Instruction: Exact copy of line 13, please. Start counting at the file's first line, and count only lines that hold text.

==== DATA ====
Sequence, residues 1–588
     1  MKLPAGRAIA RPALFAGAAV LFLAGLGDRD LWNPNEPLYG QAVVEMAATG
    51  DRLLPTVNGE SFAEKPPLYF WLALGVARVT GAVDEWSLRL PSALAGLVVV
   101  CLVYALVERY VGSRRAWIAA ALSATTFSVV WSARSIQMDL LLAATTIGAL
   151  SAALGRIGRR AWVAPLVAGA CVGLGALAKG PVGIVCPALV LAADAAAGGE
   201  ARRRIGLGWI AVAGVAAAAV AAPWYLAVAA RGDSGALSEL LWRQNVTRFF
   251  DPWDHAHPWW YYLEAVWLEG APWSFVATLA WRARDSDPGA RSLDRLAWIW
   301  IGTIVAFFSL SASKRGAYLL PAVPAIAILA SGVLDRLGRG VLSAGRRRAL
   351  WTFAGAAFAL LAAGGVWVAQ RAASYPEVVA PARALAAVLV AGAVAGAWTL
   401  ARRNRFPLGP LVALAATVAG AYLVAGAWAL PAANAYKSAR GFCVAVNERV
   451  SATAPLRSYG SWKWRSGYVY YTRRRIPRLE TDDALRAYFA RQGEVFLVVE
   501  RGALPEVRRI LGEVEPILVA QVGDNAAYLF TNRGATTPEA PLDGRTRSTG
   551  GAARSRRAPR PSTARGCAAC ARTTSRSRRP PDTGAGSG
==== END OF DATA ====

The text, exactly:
   551  GAARSRRAPR PSTARGCAAC ARTTSRSRRP PDTGAGSG